The Great Cryptogram was his most ambitious and personal project, a massive tome of over nine hundred pages that argues that Francis Bacon was the true author of the works of Shakespeare and left clues to his real identity—in the form of an elaborate code—in the published text of the plays themselves. I first encountered Donnelly’s theory in The Codebreakers by David Kahn, who rightly dismisses it as a pathological misreading, and even at the time, it was roundly mocked. But there’s something weirdly beautiful about it. Donnelly reproduces pages from the First Folio and his own notes in multiple colors, showing how he selected the words that spelled out Bacon’s secret message, and it would be hugely expensive to print it even today. (In the end, it was an enormous flop. According to Kahn, the book’s publisher had to bring in a special printer to make the plates, and later sued Donnelly for the recovery of advance royalties.) Yet the first half of the book, which lays out the biographical “evidence” for the Baconian hypothesis, could be published tomorrow to an enthusiastic reception. And while I don’t think I’ll ever make it through the whole thing, it’s worth asking why so many people are still so eager to believe that Shakespeare’s plays were written by somebody else.

The Great Cryptogram by Ignatius Donnelly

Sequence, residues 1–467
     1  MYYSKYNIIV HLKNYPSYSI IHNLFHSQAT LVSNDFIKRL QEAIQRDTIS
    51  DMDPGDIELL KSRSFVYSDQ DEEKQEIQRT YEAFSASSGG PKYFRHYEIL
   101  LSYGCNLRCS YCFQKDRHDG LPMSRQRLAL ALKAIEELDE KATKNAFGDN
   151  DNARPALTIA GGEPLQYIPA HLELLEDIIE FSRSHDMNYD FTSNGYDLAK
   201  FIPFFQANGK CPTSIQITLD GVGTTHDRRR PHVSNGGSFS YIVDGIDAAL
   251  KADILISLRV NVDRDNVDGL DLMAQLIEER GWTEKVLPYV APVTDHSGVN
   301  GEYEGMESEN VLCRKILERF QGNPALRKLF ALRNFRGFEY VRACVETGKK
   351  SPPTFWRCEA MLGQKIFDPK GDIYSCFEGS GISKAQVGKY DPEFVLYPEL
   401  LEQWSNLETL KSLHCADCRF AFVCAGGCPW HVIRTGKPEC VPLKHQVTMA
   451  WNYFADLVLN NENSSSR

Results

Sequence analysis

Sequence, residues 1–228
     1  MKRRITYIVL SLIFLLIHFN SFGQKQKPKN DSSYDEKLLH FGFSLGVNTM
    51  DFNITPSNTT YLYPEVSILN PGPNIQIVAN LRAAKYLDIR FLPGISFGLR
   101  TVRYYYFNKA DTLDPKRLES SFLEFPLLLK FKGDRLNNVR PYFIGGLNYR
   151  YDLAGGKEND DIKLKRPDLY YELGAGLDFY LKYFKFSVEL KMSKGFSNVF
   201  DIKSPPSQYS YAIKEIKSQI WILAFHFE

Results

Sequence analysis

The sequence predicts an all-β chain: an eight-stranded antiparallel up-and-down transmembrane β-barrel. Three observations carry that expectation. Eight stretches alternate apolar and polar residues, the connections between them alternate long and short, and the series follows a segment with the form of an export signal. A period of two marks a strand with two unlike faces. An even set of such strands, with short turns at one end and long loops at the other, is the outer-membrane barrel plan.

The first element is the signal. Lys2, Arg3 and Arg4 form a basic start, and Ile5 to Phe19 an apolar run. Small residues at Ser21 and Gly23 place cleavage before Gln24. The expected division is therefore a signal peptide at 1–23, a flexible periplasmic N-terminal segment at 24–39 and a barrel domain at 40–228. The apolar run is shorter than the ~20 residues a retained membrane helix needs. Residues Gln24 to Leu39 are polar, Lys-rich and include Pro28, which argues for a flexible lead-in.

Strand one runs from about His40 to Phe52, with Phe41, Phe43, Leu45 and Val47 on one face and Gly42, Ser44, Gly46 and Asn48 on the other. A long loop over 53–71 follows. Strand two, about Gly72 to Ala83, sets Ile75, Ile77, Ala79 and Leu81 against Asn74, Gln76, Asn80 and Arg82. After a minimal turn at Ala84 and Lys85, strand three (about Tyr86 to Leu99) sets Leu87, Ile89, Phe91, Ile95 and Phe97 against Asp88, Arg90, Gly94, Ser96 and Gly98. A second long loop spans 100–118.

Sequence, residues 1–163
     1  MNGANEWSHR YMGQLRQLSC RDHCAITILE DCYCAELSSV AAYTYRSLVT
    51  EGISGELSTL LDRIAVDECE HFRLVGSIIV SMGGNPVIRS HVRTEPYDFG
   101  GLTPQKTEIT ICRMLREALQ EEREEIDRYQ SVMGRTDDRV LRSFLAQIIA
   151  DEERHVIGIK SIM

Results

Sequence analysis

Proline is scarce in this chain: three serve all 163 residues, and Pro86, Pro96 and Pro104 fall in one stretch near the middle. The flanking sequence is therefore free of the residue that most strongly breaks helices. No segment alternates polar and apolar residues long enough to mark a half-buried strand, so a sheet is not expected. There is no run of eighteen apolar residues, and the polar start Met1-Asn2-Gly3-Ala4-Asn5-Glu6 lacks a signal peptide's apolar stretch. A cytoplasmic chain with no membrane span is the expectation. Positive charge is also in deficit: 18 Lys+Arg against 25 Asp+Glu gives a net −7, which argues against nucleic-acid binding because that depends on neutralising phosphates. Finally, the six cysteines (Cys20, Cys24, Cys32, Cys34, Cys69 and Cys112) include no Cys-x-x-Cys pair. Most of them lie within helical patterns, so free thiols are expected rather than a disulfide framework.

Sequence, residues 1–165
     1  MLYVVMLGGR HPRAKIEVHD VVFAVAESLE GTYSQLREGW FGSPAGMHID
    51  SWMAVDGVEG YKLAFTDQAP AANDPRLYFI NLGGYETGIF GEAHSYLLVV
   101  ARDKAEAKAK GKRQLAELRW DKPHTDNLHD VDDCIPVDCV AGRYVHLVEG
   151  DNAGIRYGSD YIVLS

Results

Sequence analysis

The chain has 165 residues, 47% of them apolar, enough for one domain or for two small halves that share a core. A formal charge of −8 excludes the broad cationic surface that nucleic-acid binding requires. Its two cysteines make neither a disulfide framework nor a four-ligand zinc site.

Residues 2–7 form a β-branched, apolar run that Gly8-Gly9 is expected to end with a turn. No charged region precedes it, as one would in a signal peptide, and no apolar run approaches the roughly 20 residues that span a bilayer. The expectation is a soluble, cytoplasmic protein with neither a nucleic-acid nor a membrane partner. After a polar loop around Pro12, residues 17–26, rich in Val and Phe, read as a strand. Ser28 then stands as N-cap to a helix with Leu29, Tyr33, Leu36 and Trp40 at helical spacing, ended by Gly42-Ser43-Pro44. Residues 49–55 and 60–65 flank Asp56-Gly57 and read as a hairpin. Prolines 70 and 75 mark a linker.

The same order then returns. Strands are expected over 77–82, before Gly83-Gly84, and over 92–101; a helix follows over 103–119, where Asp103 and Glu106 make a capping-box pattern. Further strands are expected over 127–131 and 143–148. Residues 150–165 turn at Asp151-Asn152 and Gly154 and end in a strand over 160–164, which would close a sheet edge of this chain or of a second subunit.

Donnelly’s core argument is a familiar one. Given the linguistic invention, erudition, and worldly knowledge of the plays, it seems impossible that they could have been written by a rural glover’s son. Bacon, a universal scholar with a suitable pedigree, seems like a much better candidate, although conspiracy theorists from Sigmund Freud to Roland Emmerich on down have settled by consensus on the Earl of Oxford. Yet the anti-Stratfordians are obsessed with solving a problem that doesn’t really exist. Shakespeare’s genius, to the extent it can be broken down, rests on three qualities: an unparalleled way with character, a deep intuition and shrewdness about dramatic structure, and a staggering degree of verbal energy and expressiveness. The first two traits have little, if anything, to do with formal education, and the second, in particular, could have emerged only from the daily, unforgiving grind of performance and playmaking—from the experience of a man, in short, who solved narrative problems for a living. And his language required less in the way of rigorous schooling than access to the right books and the determination to use them as tools. Whether or not he actually owned and annotated a copy of John Baret’s Alvearie, it’s exactly the kind of book he could have used, and it would have gone a long way toward providing the raw material he needed.